Five percent of the people think; ten percent of the people think they think; and the other eighty-five percent would rather die than think.Thomas Edison
i recently found myself standing in a long line at the airport, waiting to “drop” a checked bag. Frustrations with a completely inane process aside, the time in line gave me the opportunity to observe an even more troubling situation: we’ve stopped thinking.
Fear not, this is not some rant on poor customer service or the banality of humanity. My observation is literal. Simply watching the difficulties brought on by the process of dropping luggage off made it perfectly clear. In spite of sign after sign detailing the process for checking baggage, what one should expect, and the parameters of bags and fees, not to mention roped areas, self-tagging terminals, and hundreds of other travelers, virtually every single person in that line struggled in some way. “Dropping” a bag was apparently not that simple.
In these cases, the more enlightened among us might conclude that people, in general, just aren’t “smart.” Frustration and annoyance could make this conclusion very easy to draw. As I watched, and watched, it became clear to me that intelligence wasn’t the issue. All in the lines had enough capacity to navigate the system: tickets were purchased, arrangements to get to the airport were made, and every single person was able to function at a high enough level to position themselves into the line. Most of them were also (eventually) able to move past the line.
No, capacity was not the issue. Raw intelligence was not holding anyone back. So, why was nearly every person going through some level of extended gyration to simply hand a bag to the airline personnel at the counters? My conclusion was that we’ve stopped thinking. Or, possibly worse, we’ve lost our ability to think.
Bag check lines aren’t the only place we see it. Public discourse, social media exchanges, and conversations from places of work to the kitchen table demonstrate that we are not spending much time thinking.
Right now, you are likely thinking one of two things: 1) “Ouch! That is not very nice!” or 2) “Hell yes people have stopped thinking.” Some of you may be thinking both. Thank you for staying with me thus far.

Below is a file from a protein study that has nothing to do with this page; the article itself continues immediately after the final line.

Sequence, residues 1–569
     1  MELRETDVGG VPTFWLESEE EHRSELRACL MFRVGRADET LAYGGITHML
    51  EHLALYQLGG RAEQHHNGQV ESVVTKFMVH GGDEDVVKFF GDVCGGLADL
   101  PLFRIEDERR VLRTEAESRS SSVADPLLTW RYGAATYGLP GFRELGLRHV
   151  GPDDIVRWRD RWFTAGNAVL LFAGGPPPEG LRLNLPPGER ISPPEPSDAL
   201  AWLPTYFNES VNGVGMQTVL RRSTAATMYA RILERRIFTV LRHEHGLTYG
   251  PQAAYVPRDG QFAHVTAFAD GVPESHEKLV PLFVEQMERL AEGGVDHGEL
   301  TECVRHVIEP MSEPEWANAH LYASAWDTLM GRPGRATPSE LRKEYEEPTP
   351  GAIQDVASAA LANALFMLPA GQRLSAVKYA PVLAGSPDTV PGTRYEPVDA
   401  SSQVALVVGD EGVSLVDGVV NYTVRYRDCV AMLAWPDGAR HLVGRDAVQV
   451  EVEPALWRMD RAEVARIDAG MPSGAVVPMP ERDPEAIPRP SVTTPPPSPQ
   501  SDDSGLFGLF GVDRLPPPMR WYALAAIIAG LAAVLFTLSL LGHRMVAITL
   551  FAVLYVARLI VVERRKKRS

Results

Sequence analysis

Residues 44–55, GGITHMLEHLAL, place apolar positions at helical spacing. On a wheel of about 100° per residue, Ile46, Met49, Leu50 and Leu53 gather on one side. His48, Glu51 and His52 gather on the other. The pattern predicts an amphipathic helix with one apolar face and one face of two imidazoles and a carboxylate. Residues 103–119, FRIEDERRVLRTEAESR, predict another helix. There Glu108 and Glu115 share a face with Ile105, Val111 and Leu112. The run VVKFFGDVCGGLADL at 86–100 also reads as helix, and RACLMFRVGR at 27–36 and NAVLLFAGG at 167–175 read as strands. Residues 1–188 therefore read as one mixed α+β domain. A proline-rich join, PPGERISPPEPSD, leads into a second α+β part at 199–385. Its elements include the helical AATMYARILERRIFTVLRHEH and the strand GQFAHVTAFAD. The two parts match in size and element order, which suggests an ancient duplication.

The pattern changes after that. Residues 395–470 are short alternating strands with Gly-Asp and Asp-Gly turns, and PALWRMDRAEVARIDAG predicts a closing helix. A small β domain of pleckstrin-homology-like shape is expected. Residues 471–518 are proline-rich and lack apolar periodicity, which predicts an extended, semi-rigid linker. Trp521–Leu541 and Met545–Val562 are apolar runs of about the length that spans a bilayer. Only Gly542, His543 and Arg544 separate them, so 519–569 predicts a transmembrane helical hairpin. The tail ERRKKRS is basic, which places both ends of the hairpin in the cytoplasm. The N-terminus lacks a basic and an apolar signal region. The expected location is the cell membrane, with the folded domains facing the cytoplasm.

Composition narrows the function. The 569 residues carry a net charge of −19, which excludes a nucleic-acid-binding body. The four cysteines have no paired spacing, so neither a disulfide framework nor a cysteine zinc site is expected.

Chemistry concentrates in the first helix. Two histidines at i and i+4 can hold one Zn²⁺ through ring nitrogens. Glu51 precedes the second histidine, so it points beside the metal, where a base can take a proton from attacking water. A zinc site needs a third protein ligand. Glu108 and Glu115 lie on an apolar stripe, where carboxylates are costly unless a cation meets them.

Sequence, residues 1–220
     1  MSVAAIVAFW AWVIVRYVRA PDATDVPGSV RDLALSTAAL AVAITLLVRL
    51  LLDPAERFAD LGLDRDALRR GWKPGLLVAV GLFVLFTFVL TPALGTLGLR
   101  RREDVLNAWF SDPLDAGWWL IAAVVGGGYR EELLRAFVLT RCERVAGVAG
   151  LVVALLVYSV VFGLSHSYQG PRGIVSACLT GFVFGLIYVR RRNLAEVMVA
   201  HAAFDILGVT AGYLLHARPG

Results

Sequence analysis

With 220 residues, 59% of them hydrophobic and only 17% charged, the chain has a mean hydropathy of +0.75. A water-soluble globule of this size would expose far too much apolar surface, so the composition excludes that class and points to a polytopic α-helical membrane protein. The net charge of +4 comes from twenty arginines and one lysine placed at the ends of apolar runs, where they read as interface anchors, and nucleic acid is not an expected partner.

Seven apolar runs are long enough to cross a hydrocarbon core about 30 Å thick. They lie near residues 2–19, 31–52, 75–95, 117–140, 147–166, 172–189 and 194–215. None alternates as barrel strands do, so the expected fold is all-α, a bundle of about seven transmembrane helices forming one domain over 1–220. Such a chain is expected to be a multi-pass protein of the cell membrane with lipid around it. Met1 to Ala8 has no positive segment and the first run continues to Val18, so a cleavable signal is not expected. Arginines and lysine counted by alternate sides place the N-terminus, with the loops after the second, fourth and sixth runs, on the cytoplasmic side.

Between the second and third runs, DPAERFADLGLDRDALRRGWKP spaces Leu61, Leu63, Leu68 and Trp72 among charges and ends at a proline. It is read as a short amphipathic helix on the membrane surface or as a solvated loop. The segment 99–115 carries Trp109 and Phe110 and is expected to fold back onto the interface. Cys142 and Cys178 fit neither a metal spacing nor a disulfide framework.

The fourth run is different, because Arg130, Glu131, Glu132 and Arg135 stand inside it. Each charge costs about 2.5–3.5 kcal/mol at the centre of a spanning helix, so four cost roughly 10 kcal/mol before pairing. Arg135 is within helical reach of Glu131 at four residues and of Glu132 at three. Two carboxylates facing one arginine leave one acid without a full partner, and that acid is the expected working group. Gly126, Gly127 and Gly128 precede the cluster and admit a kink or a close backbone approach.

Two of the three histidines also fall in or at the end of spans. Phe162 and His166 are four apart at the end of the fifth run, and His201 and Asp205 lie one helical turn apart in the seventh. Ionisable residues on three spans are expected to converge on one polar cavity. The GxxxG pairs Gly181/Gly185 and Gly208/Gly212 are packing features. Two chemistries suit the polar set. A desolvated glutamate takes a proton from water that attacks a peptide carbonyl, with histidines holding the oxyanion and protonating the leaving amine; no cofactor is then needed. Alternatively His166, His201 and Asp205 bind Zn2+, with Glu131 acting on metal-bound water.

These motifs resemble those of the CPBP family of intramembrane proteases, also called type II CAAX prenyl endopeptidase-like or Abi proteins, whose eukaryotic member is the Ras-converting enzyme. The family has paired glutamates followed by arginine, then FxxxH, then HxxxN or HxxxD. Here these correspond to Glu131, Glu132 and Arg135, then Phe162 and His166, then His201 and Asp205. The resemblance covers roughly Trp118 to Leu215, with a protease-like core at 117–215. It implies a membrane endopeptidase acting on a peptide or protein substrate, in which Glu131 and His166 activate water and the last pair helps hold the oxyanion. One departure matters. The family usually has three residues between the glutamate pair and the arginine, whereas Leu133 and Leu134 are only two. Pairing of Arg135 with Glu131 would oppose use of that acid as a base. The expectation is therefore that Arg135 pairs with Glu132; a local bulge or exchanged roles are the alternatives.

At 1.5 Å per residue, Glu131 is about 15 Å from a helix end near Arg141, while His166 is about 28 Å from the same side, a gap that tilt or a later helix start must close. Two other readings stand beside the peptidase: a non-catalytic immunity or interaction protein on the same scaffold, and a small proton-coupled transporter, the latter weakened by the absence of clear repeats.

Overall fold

I see three key elements driving the quality and effectiveness of our thinking: 1) Focus, 2) Effort, and 3) Discipline. One might argue capacity at some point but we are struggling long before we bump up against the outer limits of our capacity for thought. Shortcomings in these three areas are driving our overall struggle with thinking.
The bag line story is an example of our general struggle with focus. Some of us may do better than others in focusing on instructions or following processes but the fundamental problem exists for everyone. In our noisy world, it is often difficult to concentrate on the task at hand or the moment within which we find ourselves. We are scattered. Our intellectual energies are spread across many competing thoughts and the distraction impedes our ability to process.
As I watched my fellow travelers, I was struck by how many simply were not paying attention, at least to the process of getting their bags checked-in. Almost all were glued to their phones at various points in the line. Many were talking with family members standing outside the line. Many were putting things in or taking things out of their bags as they stood in line. Some were watching other travelers. Some were leaving the line. Some were in the wrong line. Many stood as next-in-line, oblivious to the call forward, and required persistent prodding when it was their turn to approach the counter. Distracted. Scattered. Unfocused.
We have incredible powers of concentration and can move mountains with focus. Yet, so many of us are challenged to bring those powers to bear on much of anything. When was the last time you sat in silence for 15 minutes or more? If you haven’t done it before, try it and see what you discover. Most struggle. We don’t know how to be still. Once you can sit still, bring a single thought into the silence and see how long you can concentrate on it.
The first step in improving your thinking is learning how to focus. Bringing your scattered energies to a point and concentrating on the issue, task, moment, or idea at hand is the first step in firing up the thinking engine. By itself, focus is an incredibly powerful skill and can set you apart from the rest of us struggling with our scattered selves. But, it’s not enough by itself.
After we’ve brought our focus to bear, the work can begin. And there, it begins to break down again. Most of us will retreat from the persistent effort it takes to create high quality thinking. It is WORK. Sustaining it through threads of thought can be exhausting. Maintaining focus is an act of will and we frequently fail do the heavy lifting that powerful thought requires.